(Note: We're re-posting our 21 review from SXSW to coincide with the film's theatrical release this weekend.)
In 21, an M.I.T. math whiz joins a secret cabal of card-counters who fly to Vegas on the weekends to make a killing at the blackjack tables. That's the hook, the part you may not have seen in a thousand other films. But the rest is as generic as the title (21? Really? That's the best you could come up with?), a story about a nobody who becomes a somebody, forsakes his friends, and learns What's Really Important.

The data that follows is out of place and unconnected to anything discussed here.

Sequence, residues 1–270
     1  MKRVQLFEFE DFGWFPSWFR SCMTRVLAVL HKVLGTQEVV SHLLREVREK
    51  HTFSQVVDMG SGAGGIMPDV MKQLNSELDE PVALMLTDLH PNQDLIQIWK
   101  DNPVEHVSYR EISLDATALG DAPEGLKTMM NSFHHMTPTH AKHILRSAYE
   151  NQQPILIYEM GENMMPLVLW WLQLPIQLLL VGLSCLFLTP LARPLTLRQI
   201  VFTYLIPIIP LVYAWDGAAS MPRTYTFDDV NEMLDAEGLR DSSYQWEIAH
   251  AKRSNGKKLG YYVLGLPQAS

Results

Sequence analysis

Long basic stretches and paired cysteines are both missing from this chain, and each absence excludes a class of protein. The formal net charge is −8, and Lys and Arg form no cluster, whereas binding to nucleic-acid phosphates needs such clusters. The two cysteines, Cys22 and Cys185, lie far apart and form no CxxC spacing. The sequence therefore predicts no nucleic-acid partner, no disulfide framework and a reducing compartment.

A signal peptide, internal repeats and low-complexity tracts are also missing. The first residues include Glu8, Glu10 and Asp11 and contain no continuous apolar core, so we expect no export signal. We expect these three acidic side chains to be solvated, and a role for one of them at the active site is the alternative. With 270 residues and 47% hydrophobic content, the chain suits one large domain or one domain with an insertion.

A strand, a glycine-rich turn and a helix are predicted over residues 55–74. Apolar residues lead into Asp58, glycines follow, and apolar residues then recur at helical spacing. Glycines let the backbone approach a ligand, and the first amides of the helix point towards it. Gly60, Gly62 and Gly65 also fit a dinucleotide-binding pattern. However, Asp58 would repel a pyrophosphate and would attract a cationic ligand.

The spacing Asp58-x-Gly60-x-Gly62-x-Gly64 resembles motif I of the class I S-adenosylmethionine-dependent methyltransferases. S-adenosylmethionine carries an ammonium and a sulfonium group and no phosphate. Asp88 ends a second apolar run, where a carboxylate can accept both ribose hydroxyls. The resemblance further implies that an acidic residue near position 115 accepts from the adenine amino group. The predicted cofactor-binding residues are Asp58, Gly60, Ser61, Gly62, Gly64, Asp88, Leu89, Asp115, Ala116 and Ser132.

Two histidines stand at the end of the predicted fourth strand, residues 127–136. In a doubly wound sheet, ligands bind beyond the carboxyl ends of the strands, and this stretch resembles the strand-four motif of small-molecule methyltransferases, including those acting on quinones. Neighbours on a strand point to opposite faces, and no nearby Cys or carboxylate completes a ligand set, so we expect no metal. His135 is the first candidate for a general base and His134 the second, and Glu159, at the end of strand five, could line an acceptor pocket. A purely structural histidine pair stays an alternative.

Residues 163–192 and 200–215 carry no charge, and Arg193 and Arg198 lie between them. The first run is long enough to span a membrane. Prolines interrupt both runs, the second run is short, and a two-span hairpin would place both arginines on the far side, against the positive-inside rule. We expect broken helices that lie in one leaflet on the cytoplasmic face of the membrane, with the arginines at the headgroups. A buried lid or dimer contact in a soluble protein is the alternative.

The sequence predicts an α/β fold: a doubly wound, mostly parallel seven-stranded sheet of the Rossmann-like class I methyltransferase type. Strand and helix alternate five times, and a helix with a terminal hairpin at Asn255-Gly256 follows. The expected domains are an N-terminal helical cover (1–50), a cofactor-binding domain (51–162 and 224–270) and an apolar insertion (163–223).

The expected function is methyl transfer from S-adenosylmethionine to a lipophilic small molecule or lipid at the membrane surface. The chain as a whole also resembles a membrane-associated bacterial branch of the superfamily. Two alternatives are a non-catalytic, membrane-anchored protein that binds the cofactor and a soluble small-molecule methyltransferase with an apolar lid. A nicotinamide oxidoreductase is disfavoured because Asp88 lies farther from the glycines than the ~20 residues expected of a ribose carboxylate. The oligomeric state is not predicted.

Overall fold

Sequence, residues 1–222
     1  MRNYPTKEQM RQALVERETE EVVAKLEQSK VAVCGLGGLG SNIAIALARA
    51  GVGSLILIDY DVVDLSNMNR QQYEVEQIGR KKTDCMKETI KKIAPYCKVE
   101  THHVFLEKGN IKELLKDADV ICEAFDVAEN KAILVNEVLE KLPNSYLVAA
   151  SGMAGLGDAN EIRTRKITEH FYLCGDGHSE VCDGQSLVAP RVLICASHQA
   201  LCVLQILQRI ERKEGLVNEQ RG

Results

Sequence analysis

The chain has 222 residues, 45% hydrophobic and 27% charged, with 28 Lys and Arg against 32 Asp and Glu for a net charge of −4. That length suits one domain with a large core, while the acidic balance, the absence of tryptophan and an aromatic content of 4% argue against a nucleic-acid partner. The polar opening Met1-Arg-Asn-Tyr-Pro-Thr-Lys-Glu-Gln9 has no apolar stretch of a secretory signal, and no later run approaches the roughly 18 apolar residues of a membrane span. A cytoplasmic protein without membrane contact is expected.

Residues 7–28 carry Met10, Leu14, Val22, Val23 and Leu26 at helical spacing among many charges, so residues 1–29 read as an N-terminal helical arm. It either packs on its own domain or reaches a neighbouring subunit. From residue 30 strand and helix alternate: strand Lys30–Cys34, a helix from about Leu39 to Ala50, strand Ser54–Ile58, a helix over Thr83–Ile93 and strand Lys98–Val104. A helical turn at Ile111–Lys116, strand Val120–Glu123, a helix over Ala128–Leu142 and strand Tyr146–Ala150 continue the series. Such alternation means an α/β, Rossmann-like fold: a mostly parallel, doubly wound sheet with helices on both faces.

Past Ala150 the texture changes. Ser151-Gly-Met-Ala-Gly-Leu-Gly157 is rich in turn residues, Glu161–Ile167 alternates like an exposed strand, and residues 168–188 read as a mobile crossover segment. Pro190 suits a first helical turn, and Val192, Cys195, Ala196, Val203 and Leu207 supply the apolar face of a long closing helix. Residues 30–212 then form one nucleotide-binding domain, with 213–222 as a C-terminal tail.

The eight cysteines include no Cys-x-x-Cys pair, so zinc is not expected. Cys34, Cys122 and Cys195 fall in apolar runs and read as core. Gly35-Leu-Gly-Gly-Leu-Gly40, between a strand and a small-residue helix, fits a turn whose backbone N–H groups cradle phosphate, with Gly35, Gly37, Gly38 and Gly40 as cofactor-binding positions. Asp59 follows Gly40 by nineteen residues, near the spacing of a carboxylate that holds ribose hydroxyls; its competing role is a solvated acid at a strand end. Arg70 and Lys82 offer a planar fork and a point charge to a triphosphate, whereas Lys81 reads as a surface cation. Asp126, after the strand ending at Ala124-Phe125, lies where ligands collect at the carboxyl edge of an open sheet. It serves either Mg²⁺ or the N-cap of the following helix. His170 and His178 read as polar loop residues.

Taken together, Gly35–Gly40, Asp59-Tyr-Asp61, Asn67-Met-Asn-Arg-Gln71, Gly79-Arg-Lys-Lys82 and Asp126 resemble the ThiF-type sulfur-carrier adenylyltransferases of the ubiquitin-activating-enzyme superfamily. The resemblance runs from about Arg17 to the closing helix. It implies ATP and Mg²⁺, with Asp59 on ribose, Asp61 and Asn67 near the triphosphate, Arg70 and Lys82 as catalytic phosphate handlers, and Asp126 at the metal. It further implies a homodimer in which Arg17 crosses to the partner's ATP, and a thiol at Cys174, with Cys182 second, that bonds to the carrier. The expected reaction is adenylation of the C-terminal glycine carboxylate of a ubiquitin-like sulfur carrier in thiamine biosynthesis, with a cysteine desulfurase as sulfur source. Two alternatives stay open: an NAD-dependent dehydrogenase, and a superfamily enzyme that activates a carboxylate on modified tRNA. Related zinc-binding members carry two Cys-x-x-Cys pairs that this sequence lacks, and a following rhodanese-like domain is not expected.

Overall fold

Yawn is right. This is a prime example of a movie that isn't bad, per se, just unnecessary, a competently made but wholly unremarkable trifle. It trades exclusively in clichés and stock characters -- and yet, strangely, director Robert Luketic (Legally Blonde) seems to believe he has made something compelling and original. And I have to think, if I've seen lots of movies exactly like this one, then shouldn't Luketic have as well?